The risk for acute ischemic stroke (AIS) in patients with COVID-19 appears to be significantly elevated in the first 3 days after the infection, new research shows.
The study, among Medicare beneficiaries with COVID-19, also showed that stroke risk is higher for relatively young older adults, those aged 65 to 74 years, and those without a history of stroke.
Quanhe Yang PhD
The study highlights the impact COVID-19 has on the cardiovascular system, study author Quanhe Yang, PhD, senior scientist, Division for Heart Disease and Stroke Prevention, Centers for Disease Control and Prevention (CDC), Atlanta, Georgia, told theheart.org | Medscape Cardiology.
“Clinicians and patients should understand that stroke might be one of the very important clinical consequences of COVID-19.”
The study was presented during the International Stroke Conference (ISC) 2022 held in New Orleans, Louisiana, and online February 9 to 11.
Stroke is the fifth leading cause of death in the US. As an increasing number of people become infected with COVID-19, “it’s important to determine if there’s a relationship between COVID and the risk of stroke,” said Yang.
Findings from prior research examining the link between stroke and COVID-19 have been inconsistent, he noted. Some studies found an association while others did not, and in still others the association was not as strong as expected.
Many factors may contribute to these inconsistent findings, said Yang, including differences in study design, inclusion criteria, comparison groups, sample sizes, and countries where the research was carried out.
Yang pointed out that many of these studies were done in the early stages of the pandemic or didn’t include older adults, the population most at risk for stroke.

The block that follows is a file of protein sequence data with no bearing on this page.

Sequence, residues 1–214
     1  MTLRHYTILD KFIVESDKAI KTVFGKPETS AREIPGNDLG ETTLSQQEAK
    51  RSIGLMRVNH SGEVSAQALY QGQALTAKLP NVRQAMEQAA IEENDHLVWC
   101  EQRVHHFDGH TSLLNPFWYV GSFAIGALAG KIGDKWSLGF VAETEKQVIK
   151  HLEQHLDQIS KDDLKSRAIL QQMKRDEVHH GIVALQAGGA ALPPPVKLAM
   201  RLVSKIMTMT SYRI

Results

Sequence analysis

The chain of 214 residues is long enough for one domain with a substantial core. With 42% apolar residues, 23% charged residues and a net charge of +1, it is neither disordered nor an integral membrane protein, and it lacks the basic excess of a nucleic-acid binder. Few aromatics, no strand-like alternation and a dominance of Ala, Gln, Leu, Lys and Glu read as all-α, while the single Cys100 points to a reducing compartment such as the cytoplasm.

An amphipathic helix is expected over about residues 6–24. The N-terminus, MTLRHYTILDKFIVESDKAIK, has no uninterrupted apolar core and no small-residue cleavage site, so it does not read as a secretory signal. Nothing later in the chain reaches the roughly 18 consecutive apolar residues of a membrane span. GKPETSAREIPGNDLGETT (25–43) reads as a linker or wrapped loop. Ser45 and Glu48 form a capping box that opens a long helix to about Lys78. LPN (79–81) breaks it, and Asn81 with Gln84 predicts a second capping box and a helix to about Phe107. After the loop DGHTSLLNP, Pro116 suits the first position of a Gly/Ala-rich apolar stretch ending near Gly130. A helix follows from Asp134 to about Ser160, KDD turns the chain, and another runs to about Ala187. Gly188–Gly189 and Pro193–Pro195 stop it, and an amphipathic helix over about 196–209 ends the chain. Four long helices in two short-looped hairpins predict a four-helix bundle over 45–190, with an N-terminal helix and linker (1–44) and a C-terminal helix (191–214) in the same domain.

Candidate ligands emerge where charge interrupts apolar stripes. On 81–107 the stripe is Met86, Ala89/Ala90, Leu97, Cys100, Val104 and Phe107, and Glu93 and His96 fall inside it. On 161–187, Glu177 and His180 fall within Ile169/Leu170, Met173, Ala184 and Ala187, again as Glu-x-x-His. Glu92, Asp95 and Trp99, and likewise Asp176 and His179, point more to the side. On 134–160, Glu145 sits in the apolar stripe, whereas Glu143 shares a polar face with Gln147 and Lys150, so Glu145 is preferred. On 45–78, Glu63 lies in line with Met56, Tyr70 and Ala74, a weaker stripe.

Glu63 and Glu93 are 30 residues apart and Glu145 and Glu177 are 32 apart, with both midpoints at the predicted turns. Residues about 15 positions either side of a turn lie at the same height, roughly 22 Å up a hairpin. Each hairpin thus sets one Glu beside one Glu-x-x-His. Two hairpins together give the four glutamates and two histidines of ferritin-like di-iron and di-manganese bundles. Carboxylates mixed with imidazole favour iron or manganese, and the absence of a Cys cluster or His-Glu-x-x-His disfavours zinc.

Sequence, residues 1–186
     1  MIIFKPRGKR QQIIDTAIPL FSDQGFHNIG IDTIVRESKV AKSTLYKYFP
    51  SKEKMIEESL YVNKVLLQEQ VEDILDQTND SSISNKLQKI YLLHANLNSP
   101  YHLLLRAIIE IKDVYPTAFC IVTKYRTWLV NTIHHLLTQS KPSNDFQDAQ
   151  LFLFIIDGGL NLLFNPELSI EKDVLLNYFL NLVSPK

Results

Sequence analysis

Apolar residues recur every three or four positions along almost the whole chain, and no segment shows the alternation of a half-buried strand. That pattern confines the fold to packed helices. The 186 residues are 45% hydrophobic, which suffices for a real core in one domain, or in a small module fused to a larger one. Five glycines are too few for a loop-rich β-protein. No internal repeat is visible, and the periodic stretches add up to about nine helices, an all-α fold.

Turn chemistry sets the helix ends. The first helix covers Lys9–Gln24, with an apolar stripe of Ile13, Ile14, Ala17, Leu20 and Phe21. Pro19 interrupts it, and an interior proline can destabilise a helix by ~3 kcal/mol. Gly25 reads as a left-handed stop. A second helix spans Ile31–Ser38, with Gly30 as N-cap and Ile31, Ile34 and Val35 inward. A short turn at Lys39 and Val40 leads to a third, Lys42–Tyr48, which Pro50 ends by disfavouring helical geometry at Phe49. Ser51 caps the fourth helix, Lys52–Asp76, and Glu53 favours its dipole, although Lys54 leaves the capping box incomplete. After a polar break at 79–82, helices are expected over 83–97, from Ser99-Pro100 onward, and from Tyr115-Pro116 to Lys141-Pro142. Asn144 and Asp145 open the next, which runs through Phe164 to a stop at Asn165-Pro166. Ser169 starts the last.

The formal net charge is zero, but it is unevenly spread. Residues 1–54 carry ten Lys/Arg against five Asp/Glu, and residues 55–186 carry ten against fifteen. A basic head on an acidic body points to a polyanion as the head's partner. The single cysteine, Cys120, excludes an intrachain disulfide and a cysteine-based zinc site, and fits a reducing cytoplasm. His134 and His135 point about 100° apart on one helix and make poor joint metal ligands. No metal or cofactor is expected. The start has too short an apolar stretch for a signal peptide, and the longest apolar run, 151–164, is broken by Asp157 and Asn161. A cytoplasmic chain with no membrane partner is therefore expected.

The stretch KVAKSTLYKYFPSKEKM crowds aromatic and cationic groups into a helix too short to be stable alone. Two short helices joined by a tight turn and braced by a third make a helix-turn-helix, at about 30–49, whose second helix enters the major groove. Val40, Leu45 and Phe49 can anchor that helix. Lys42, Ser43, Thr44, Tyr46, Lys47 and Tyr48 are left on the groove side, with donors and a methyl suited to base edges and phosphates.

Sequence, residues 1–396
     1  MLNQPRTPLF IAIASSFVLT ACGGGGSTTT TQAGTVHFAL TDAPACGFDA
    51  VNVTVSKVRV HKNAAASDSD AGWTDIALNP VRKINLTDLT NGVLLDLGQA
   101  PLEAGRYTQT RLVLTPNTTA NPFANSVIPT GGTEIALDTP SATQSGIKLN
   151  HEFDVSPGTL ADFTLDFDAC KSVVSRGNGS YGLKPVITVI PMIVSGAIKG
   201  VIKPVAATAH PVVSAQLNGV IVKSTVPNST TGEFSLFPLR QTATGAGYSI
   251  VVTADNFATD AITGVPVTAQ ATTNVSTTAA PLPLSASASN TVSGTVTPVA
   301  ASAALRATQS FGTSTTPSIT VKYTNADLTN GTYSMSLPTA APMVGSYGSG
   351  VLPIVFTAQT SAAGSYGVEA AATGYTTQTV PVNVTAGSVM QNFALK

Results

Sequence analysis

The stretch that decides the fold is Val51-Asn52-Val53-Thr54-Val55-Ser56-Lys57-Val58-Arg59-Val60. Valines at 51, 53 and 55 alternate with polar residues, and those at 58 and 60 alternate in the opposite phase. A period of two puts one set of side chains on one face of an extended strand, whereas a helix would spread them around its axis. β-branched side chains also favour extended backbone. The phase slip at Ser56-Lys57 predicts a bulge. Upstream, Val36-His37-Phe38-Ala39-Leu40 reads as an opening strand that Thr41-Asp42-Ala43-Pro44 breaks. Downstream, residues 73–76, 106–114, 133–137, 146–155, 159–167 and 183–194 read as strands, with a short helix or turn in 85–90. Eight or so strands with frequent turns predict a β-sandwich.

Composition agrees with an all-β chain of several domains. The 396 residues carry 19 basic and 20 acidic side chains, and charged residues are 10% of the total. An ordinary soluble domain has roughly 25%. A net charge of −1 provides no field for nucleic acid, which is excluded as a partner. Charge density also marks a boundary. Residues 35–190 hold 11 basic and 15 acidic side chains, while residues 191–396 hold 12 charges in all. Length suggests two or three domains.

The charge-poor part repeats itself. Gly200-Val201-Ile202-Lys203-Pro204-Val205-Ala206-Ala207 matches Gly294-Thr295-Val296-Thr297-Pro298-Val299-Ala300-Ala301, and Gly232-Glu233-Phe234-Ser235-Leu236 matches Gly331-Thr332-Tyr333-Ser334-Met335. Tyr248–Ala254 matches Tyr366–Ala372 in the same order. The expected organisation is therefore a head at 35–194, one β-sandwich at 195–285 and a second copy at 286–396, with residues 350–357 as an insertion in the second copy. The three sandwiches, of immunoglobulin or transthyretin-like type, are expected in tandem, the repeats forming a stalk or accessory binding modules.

The current study included 19,553 Medicare beneficiaries aged 65 years and older diagnosed with COVID-19 and hospitalized with AIS. The median age at diagnosis of COVID-19 was 80.5 years, 57.5% were women, and more than 75% were non-Hispanic whites.
To ensure the stroke occurred after a COVID infection, researchers used a self-controlled case series study design, a “within person” comparison between the risk period and the control period.
They divided the study period (January 1, 2019, to February 28, 2021) into the exposure or stroke risk periods after the COVID diagnosis (0-3 days; 4-7 days; 8-15 days; and15-28 days) and control periods.
Strokes that occurred 7 days before or 28 days after a COVID diagnosis served as a control period. “Any stroke that occurred outside the risk window is in the control period,” explained Yang.
He added the control period provides a baseline. “Without COVID-19, this is what I would expect” in terms of the number of strokes.
To estimate the incidence rate ratio (IRR), investigators compared the incidence of AIS in the various risk periods with control periods.
The IRR was 10.97 (95% CI, 10.30-11.68) at 0-3 days. The risk then quickly declined but stayed higher than the control period. The IRRs were: 1.59 (95% CI, 1.35-1.87) at 4-7 days; 1.23 (95% CI, 1.07-1.41) at 8-14 days, and 1.06 (95% CI, 0.95-1.18) at 15-28 days.